1. Twenty finches cluster at the top of a dying maple. They drop like falling leaves, flutter to another bare tree, then drop and move on in an elaborate dance the logic of which I do not understand.
2. Sixteen turtle doves blow in from the west. Two station themselves in the dying maple and watch while the others eat the oil seeds you’ve scattered on the ground beneath the Austrian pine. After several minutes the watchers decide that there is no danger—the hawk must be elsewhere—and they too descend to feed.
3. When we go for a walk the water in the cove is still and full of light, a mirror thick with white clouds. Here the forest above the shore and below the shore, and there the clouds, streaming across both water and sky.
4. We are seized by the yellow light of the fading afternoon: the way the islands flame before the setting sun. Here is winter, but there is light.
5. The moon reveals itself as we walk, a half round growing fat.
6. Orion leaps out of the south and drifts west, like the wind that battered the islands all day. The surge still echoes in the bay.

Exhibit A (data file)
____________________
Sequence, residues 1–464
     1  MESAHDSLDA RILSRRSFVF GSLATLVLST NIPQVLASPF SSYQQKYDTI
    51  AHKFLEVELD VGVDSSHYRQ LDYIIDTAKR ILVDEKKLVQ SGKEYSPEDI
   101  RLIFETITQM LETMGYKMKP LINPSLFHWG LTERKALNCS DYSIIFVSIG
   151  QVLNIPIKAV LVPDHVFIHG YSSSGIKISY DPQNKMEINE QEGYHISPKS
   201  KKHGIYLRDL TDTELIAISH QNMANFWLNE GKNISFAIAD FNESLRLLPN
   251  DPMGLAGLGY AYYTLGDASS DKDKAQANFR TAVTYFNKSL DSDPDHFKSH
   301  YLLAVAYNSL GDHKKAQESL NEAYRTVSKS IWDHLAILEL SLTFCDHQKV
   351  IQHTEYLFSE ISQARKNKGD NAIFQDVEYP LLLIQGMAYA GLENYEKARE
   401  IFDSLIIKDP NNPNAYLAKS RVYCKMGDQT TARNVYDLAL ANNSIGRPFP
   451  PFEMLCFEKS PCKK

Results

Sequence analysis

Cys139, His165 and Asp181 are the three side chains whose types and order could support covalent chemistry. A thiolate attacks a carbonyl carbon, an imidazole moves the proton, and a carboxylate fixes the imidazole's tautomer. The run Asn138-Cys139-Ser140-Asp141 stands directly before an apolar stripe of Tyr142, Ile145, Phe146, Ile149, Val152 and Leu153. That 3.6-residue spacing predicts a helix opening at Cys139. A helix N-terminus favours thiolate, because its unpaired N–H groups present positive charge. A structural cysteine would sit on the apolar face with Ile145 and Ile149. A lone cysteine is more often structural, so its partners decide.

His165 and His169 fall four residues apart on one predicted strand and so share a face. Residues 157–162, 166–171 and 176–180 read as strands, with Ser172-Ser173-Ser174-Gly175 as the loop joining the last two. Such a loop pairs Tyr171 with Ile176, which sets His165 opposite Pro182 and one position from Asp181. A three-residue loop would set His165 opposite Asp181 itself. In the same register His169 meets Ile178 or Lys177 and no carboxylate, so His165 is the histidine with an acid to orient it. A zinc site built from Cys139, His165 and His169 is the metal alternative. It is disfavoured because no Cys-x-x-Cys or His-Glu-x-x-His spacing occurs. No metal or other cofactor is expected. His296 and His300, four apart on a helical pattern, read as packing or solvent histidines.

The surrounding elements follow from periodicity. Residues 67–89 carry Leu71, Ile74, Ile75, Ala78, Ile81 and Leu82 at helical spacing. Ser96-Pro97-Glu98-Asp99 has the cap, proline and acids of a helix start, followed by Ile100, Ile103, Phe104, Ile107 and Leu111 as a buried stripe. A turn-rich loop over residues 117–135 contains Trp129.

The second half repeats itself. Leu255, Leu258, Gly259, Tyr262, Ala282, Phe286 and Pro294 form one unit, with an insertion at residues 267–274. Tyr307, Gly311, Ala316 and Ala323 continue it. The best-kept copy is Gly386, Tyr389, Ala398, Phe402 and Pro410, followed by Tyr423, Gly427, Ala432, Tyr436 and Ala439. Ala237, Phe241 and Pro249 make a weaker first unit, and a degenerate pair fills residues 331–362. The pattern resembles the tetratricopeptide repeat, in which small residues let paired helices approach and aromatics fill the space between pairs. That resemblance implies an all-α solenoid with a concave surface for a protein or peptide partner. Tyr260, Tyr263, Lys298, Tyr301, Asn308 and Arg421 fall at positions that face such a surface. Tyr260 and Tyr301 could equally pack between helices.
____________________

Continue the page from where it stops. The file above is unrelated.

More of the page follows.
7. When the sun drops it falls so fast the darkness is surprising, as if I’d blinked and it was suddenly there: expected, welcome, but still taking me unaware.
8. I visit my fallen woodpile by the studio, the tumbled logs splayed in a beautiful arrangement of angles and lines. Some other day, not today, I will pick them up.
9. Everything conspires to make me feel tired—the arrival of the morning, the gurgle of the sea, the fleeting of the day. Then there is the beauty of the fire, the dog asleep before it, and the lights on the tree; these things are so lovely I can hardly look at them. I turn my head, peer aslant. What do I see then, when I am hardly looking? And of what unbearable loss am I afraid?
10. Now nearly asleep, bitter tea beside me and a mohair blanket on my knees. The dog settles on my feet. Only lying in bed can keep me awake, as if potential were all I longed for.
11. I close my eyes and dream about markets, gleaming stacks of fruit, arrays of oysters, sprays of green onions, surging crowds. Who are all these people in this year when I have seen almost no one?
One thought on “What is seen in a season of darkness”
Thank you very much for this.